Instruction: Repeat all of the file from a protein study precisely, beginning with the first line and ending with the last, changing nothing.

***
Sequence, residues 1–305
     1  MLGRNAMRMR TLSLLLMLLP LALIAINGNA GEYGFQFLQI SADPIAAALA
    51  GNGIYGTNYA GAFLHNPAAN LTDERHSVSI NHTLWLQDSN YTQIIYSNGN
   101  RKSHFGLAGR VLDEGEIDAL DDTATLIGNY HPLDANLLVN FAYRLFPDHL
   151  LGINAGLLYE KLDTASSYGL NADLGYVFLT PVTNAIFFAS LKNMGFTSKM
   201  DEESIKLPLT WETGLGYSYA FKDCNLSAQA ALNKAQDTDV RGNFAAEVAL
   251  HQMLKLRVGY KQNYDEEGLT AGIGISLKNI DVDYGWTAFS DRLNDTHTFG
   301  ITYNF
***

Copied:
Sequence, residues 1–305
     1  MLGRNAMRMR TLSLLLMLLP LALIAINGNA GEYGFQFLQI SADPIAAALA
    51  GNGIYGTNYA GAFLHNPAAN LTDERHSVSI NHTLWLQDSN YTQIIYSNGN
   101  RKSHFGLAGR VLDEGEIDAL DDTATLIGNY HPLDANLLVN FAYRLFPDHL
   151  LGINAGLLYE KLDTASSYGL NADLGYVFLT PVTNAIFFAS LKNMGFTSKM
   201  DEESIKLPLT WETGLGYSYA FKDCNLSAQA ALNKAQDTDV RGNFAAEVAL
   251  HQMLKLRVGY KQNYDEEGLT AGIGISLKNI DVDYGWTAFS DRLNDTHTFG
   301  ITYNF